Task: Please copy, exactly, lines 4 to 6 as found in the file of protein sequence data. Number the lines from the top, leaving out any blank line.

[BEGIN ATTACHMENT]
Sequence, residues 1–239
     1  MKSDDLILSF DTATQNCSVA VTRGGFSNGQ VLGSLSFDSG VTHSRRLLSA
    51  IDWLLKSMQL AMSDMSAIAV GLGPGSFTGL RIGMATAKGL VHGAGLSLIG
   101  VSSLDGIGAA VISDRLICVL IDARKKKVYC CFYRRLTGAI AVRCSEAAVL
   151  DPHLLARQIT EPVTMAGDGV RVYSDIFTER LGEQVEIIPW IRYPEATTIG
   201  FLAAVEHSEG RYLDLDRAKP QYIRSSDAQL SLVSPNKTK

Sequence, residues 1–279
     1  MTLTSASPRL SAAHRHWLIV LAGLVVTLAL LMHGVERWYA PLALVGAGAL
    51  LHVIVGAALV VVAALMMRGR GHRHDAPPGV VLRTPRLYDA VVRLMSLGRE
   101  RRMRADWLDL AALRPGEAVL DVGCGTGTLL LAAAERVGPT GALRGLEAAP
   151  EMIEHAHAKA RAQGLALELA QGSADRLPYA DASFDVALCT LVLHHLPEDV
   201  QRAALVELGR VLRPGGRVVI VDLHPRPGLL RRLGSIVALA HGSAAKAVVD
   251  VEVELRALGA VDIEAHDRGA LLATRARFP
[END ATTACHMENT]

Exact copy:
   101  VSSLDGIGAA VISDRLICVL IDARKKKVYC CFYRRLTGAI AVRCSEAAVL
   151  DPHLLARQIT EPVTMAGDGV RVYSDIFTER LGEQVEIIPW IRYPEATTIG
   201  FLAAVEHSEG RYLDLDRAKP QYIRSSDAQL SLVSPNKTK